I'm not asking you to change your life. I just want to you to make a few positive changes that will have an impact on your local carbon footprint or environmental condition. Use these books as a source of information and then use that information to enact change.

Be Cautious of Subjectivity By Environmental Writers

I've always had an interest in the environment and I like looking at things from all sides. I realize that most issues have good and bad points on each side. The author of the book generally chooses one side over the other from the start and the rest of the book is from that point of view.


When I choose a book from Amazon or some other bookseller, I try to see if the author has any affiliation or support from one side of the issue or the other. For example, an environmental book authored by a member of a specific environmental group likely has a bias against big business. An author that works for or has backing from oil companies or other business likely has the opposite bias.


I may still buy the book, but I realize that I am likely getting a mostly one sided argument. Some subjects are hard to find authors that aren't biased one way or the other. Even books by professors from universities have funding from environmental groups and big business. You can't discount this when reading the book.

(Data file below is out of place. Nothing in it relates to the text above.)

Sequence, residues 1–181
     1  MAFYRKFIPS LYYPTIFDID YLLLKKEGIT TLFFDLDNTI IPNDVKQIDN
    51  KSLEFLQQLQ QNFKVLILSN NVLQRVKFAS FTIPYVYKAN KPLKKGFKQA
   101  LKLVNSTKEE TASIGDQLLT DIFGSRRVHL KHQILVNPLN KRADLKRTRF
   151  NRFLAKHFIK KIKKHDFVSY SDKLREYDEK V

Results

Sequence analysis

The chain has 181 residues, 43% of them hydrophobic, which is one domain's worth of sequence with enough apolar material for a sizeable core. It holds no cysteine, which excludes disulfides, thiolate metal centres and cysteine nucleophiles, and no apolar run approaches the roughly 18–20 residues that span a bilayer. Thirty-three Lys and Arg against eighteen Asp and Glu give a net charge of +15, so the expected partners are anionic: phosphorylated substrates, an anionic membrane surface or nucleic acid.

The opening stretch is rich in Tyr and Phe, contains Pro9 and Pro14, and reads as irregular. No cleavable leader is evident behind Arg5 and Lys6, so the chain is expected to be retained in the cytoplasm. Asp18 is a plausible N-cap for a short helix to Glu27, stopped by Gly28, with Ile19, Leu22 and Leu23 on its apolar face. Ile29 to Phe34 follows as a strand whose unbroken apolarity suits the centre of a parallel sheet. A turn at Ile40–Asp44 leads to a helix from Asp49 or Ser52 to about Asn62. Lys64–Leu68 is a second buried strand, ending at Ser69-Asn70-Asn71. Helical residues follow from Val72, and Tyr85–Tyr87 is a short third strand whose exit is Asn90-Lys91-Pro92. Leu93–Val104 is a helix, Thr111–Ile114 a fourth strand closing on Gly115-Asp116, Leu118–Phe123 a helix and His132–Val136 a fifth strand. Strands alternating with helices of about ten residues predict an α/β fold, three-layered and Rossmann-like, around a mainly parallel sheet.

If you are looking for a book about a certain subject, I suggest buying more than one. A well informed decision can only be made if you are aware of all the arguments and you're not going to get that from someone who has an obvious connection to one side or the other. If you are lucky to find someone that puts out both sides of an issue, make sure to recommend it to friends on both sides of the fence.

Where Does Pollution Come From By C. Vance Cast

Children are going to be the first line of defense for creating a better and brighter future. It's important that they understand what pollution is and what it does to our environment. Where Does Pollution Come From is the perfect starter book for children ages 5-10.


If you can create a love for conservation and the environment at an early age, then it will carry on into adulthood. The book teaches children about solid, air, water and other types of pollution and how they effect the area we live in. They learn why they should throw their trash out the car window or leave it on the ground.


They understand why its important to recycle and keep as much trash out of our landfills as possible. Once they understand the various types of pollution, the book teaches what they can do to make the world a little better day by day. It may even rub off on mom and dad when their son or daughter asks them why the drive two blocks instead of just walking.


I was amazed at how much much information my children absorbed from this book. It isn't just presented in a cut and dry manner, but in a way that is fun and entertaining for them to read and understand. That, mixed with the great illustrations, creates a book that can really make a difference. Who knows. Maybe it will inspire the child that will eventually change the world for the better or a future presidents who takes environmental conservation seriously.